By: Katya Stead, freelance financial services journalist
The highlights of last week’s annual FISA conference.
The 7th annual Fiduciary Institute of Southern Africa (FISA) conference, held at Sandton Convention Centre last week, had three clear themes running through it: the tax repercussions of offshore assets, the more local implications of section 7C and other regulation and the ethics underpinning it all.
In a time of uncertainty in South Africa where more and more clients want offshore wealth accumulation, the day was full of interesting revelations about what tax practitioners have to deal with after a local client passing on with some international assets. Among those dealt with were the finer implications of investing in Silicon Valley, resorts in Mauritius and land in Namibia.
The day’s presentations are available for viewing on the FISA website.
Eight speakers participated in this conference with the theme: “A complex and mobile world – are you fit enough?” The day started decidedly offshore, with the first four presenters of the day dealing with international fiduciary implications – from South African investors with assets in the UK, resort property in Mauritius, shares in US companies and land in Namibia.
First up was Oliver Phipps of Lester Aldridge Solicitors, UK, discussed multi-jurisdictional estate planning and administration. He looked at three aspects of individuals holding assets in a foreign country: whether a separate will is required for those assets, practical examples of estate administration and tax considerations. He briefly explained how the European Succession Regulation (also known as Brussels IV) allows an individual to elect for the law of his/her nationality to apply to the succession of assets in order to avoid forced heirship rules. He explained how estate administration works by way of several practical examples and discussed UK inheritance tax and US estate tax in relation to these assets.
Things got more tropical when Gordon Stuart of Accuro Fiduciary, Mauritius, discussed multi-jurisdictional estate planning. He explained that Mauritian law governs the succession of immovable property in Mauritius and the Mauritius forced heirship rules that give a very sizable portion of an estate to their children – anything from 50 percent to a whopping 75 percent. He recommended South Africans with assets in Mauritius have a separate will to deal with the unreserved portion of those assets, but cautioned that drafting a will in Mauritius is more complicated than in South Africa. Mauritius does not recognise joint wills and only a notary public can draft a will. A will drafted outside of Mauritius is only enforceable if it is duly registered in Mauritius. He echoed Oliver Phipps’ recommendation that expert advice be sought.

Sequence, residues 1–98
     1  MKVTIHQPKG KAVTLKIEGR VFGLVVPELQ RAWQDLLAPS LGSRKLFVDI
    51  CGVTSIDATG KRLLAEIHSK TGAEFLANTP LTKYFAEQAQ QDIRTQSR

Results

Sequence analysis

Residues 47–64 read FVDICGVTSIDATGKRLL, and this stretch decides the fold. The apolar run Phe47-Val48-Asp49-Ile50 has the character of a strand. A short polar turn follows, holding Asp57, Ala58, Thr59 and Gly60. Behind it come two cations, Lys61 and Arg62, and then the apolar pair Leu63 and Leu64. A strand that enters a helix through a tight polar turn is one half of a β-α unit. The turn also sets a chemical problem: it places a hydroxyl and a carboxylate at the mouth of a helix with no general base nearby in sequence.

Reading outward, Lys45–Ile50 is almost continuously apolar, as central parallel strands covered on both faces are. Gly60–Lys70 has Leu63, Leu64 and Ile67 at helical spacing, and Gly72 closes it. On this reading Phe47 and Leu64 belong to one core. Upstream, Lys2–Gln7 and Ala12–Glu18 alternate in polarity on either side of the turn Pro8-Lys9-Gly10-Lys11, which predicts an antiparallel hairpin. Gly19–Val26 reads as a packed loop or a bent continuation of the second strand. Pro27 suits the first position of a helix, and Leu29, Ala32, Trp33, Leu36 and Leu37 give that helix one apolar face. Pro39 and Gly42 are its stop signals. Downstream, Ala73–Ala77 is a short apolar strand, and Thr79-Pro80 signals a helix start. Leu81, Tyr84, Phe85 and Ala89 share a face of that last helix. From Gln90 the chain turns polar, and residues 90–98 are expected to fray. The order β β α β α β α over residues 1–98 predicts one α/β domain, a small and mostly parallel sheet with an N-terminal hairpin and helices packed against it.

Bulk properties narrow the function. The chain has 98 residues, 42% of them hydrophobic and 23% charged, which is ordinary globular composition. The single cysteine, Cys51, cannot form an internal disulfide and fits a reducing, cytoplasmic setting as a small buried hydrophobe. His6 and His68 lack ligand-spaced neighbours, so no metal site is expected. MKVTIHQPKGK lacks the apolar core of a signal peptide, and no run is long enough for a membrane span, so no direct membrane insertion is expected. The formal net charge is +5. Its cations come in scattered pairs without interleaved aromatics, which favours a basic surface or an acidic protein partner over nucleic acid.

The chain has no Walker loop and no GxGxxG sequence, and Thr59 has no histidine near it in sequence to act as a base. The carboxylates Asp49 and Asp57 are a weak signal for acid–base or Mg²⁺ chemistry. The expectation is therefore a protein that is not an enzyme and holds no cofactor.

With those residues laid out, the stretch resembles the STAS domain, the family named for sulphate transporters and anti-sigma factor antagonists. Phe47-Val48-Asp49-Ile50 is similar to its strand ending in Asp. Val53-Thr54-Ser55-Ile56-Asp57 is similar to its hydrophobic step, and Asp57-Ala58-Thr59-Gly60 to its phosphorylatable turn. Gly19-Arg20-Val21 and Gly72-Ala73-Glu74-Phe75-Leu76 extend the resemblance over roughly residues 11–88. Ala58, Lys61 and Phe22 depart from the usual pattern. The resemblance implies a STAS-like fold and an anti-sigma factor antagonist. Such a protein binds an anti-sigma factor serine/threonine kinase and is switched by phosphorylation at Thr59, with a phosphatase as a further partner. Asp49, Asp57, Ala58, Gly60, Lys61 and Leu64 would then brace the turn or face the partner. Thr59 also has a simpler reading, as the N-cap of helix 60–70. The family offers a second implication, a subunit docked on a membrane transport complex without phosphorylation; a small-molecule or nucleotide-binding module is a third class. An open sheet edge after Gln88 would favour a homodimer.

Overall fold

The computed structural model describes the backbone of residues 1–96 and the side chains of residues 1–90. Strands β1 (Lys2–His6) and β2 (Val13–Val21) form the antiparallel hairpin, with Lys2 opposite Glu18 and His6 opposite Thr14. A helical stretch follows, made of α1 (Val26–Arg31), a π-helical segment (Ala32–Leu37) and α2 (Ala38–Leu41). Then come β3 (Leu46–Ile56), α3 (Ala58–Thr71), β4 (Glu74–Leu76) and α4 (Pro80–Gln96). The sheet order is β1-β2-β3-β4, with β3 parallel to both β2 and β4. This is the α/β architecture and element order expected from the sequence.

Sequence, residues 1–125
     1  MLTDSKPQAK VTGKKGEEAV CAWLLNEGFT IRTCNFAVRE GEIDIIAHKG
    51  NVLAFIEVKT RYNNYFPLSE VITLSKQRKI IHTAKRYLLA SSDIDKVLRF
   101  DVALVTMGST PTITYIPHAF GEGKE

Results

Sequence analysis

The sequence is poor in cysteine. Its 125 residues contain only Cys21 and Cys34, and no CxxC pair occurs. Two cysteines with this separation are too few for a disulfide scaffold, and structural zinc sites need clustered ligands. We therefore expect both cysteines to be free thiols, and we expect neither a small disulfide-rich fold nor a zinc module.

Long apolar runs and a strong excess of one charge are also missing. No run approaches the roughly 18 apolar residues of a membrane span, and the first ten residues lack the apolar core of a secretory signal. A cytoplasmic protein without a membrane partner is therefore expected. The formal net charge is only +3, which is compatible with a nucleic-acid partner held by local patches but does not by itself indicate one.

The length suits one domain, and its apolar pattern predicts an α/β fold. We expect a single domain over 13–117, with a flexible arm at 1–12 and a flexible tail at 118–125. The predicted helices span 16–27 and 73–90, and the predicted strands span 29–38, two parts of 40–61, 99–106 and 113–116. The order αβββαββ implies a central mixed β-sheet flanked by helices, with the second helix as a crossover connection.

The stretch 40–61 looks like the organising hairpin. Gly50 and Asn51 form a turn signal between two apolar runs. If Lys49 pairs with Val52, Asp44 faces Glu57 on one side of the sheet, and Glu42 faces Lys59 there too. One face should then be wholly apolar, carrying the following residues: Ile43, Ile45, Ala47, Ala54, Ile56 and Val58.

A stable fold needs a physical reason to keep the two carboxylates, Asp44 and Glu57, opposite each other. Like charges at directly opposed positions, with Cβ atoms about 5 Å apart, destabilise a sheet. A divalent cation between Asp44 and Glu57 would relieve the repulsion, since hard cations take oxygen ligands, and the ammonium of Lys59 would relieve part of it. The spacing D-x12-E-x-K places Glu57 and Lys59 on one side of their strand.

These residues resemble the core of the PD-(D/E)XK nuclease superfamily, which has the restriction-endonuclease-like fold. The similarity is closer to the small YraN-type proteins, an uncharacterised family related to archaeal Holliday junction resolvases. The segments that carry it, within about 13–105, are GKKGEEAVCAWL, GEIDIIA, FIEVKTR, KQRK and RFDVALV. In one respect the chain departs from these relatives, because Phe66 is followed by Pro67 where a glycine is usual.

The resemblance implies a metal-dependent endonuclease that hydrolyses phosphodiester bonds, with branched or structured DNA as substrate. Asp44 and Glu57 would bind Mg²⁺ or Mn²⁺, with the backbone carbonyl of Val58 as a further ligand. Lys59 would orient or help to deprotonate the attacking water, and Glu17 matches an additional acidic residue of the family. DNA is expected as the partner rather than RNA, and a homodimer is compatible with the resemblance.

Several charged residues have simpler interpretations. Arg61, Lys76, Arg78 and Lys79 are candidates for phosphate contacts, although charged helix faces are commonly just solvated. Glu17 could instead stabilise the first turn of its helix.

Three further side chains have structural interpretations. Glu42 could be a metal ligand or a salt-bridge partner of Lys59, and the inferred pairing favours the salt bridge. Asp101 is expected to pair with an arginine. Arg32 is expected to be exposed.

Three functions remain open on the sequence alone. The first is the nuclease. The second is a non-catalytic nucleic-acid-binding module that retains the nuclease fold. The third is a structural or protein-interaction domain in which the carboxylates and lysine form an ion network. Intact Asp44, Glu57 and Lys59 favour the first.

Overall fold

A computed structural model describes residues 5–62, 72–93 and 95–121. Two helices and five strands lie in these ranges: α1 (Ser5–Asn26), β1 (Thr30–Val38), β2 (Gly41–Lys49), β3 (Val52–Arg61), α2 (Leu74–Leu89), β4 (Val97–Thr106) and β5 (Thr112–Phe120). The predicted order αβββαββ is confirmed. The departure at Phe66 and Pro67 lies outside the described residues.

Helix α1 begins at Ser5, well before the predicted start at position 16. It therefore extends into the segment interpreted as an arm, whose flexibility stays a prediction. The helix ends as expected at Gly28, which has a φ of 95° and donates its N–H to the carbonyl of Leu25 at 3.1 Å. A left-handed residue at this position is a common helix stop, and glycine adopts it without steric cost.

Arguably the most talked-about presentation of the day came from Mathys du Preez of Sanlam, Namibia, who discussed cross-border estate planning in Southern Africa. The unexpectedly sunny job of being a tac practitioner comes part and parcel with no donations tax, no estate duty and no capital gains tax. Who knew?
However, he did also warn that legislation in Namibia that gives the State a preferential right to acquire agricultural land whenever the owner of such land intends to alienate the land and cautioned that this also applies when the owner of the land dies. One difference between SA and Namibia when a deceased estate is administered is that the Master of the High Court in Namibia requires that the executor of the estate must be a local Namibian or have a Namibian agent. Namibia has a source-based income tax system and trusts are taxed according to the tax tables that apply to individual taxpayers.
Thereafter, the rest of the day was reserved mostly for matters of the heart and creating soundly ethical fiduciary best practice. Professor Willie van der Westhuizen of Millers Attorneys in George spoke about trustees and conflict of interest. Professor Bradley Smith of the Law Faculty of the University of the Free State discussed the intersection between trust law and matrimonial property law. Professor Piet Naudé of the University of Stellenbosch Business School spoke about ethical behaviour in an unethical environment.
Another important topic dealt with was regulation. Leonard Pule, the Master of the High Court, Johannesburg, also gave a regulatory update. He briefly discussed Regulation 910 that deals with persons who may administer estates, Chief Master’s Directive 2 of 2017 in respect of the requirement for an independent trustee in some trusts, fees payable to the Master, and certain operational issues.
Jan Coetsee of PricewaterhouseCoopers spoke about section 7C of the Income Tax Act. He explained the history and the mechanism of section 7C and looked at some exemptions from the section. He also briefly looked at the proposed extensions to section 7C as published in the Draft Taxation Laws Amendment Bill, 2017.
The day was concluded with an hour-long panel discussion during which the audience posed questions to all speakers.
For those interested in the details, the day’s presentations are available for viewing on the FISA website.